Military pays out £27mn compensation to Iraqi, Afghan war victims

© Atef Hassan
British military officials have paid out £27 million in damages to life, limb and property caused by their actions in Iraq and Afghanistan, figures released under Freedom of Information (FoI) show.

Documents seen by the Times show Iraqis have received £21.7 million and Afghans £5.3 million for the loss of relatives, wounds and damage to property.

Iraqis filed 1,145 claims resulting in 323 settlements, while Afghans filed 4,727 claims. The figures areexpected to rise, as 99 cases are yet to be heard.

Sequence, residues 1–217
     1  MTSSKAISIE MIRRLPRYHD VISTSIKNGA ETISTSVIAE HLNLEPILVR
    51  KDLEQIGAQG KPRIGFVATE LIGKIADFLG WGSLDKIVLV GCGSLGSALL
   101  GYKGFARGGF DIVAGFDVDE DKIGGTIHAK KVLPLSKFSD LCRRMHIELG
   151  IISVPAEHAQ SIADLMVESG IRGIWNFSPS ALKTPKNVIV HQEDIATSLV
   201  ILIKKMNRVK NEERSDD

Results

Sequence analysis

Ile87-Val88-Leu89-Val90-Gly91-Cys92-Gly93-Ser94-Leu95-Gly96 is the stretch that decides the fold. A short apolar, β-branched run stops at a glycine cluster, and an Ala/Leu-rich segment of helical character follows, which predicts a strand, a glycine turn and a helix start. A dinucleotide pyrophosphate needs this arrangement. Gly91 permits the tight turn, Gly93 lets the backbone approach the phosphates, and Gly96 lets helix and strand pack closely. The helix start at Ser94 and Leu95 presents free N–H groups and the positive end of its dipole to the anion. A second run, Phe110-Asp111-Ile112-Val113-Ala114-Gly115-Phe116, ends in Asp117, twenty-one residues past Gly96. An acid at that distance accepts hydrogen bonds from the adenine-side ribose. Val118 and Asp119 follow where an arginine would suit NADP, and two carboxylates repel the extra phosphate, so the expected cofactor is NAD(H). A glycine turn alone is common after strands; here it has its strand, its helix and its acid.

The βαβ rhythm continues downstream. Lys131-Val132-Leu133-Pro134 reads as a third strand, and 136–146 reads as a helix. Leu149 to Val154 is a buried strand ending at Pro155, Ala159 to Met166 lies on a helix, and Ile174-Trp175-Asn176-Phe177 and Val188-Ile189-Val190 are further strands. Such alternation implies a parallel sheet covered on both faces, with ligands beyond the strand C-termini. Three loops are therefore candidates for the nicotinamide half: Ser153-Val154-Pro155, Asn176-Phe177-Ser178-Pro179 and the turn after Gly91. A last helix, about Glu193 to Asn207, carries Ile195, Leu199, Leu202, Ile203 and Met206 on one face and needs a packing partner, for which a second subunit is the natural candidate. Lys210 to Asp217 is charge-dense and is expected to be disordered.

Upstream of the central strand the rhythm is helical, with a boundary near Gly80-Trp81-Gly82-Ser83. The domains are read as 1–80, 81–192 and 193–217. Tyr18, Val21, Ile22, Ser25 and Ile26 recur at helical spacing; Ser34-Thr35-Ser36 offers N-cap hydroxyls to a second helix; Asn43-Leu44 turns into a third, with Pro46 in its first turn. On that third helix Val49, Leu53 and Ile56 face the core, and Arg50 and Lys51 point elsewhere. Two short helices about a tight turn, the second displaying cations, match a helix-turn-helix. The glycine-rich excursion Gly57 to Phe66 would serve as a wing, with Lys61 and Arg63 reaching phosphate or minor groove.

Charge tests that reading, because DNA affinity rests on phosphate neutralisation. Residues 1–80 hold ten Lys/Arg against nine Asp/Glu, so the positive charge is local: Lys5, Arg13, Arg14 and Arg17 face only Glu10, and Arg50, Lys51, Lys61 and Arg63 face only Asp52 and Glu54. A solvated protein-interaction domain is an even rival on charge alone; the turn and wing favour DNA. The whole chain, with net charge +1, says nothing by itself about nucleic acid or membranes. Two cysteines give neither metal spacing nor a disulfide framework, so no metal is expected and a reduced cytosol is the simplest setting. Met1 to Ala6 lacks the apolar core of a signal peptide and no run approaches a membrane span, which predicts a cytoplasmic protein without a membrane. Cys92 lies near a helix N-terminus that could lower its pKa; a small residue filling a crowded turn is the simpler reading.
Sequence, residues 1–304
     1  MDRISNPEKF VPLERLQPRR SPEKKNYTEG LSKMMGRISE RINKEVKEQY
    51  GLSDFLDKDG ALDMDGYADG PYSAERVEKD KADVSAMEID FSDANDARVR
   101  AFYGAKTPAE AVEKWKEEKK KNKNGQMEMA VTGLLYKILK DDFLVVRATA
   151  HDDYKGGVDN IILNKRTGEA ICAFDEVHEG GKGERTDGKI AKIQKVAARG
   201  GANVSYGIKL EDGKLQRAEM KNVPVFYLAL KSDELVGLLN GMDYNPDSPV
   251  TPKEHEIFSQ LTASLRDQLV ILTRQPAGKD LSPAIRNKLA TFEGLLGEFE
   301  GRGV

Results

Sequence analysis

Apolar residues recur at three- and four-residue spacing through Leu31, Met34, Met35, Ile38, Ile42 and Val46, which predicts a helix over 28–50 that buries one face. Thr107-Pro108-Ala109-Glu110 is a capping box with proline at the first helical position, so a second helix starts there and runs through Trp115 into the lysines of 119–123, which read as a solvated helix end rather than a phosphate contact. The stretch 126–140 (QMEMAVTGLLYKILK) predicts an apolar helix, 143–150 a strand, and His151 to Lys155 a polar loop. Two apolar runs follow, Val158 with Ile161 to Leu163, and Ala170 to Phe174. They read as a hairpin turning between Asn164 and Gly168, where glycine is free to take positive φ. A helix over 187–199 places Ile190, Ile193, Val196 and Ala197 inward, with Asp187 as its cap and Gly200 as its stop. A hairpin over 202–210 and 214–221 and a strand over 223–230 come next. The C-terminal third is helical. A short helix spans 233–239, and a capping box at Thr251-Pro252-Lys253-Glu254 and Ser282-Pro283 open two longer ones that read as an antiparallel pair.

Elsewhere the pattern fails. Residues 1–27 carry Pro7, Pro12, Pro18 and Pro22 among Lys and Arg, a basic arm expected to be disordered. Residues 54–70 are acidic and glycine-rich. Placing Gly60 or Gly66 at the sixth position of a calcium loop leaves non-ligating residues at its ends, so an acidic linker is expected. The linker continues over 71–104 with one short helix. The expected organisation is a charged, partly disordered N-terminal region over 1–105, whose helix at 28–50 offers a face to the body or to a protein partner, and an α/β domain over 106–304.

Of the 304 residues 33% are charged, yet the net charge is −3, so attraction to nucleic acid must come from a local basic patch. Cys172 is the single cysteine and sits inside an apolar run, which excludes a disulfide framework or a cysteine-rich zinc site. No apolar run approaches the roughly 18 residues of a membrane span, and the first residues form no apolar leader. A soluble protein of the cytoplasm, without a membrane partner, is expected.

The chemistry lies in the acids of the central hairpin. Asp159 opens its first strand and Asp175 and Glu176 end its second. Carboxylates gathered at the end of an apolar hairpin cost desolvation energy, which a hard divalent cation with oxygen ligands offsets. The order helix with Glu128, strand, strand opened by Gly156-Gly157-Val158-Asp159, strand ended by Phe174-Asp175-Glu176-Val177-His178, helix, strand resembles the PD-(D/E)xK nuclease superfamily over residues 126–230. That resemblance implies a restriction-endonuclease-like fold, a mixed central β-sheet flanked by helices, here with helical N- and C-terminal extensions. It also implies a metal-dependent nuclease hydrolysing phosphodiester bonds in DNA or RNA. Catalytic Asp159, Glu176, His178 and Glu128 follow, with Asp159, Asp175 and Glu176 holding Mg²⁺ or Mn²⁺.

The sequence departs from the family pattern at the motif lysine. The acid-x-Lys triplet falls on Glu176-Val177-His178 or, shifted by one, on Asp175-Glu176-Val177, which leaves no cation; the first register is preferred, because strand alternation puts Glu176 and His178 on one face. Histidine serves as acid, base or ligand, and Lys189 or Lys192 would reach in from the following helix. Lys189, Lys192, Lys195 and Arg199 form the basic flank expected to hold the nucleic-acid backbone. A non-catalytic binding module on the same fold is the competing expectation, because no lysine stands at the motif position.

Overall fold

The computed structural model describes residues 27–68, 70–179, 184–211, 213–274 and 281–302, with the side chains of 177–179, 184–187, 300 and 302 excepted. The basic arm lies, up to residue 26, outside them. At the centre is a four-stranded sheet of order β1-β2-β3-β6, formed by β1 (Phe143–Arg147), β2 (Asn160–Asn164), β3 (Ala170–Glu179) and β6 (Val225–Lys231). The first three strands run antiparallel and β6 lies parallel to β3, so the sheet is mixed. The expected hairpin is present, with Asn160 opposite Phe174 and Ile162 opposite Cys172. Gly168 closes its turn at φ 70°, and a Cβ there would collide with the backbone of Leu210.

Cases include that of an Afghan woman who miscarried after a wall fell on her when it was hit by a helicopter’s downdraft.

Other cases involve compensation for crops damaged by British tanks, five doors in a single house kicked in by a British soldier and a man who had teeth knocked out when a British military vehicle struck him.

The Ministry of Defence (MoD) has been left fighting a rearguard action in the Courts of Appeal to head off further compensation payments.

More than 600 cases have been effectively ruled out after the MoD won a decision on complaints made prior to 2013.

In a statement, an MoD spokesman said: “The government wants to spend our growing defense budget on our Armed Forces rather than paying lawyers who are pushing unfounded or unjustified claims.

Investigations into the claims are continuing and, where cases are considered to be unjustified, the MoD will be contesting these.

The spokesman said the military is “considering further measures to tackle persistent legal claims.”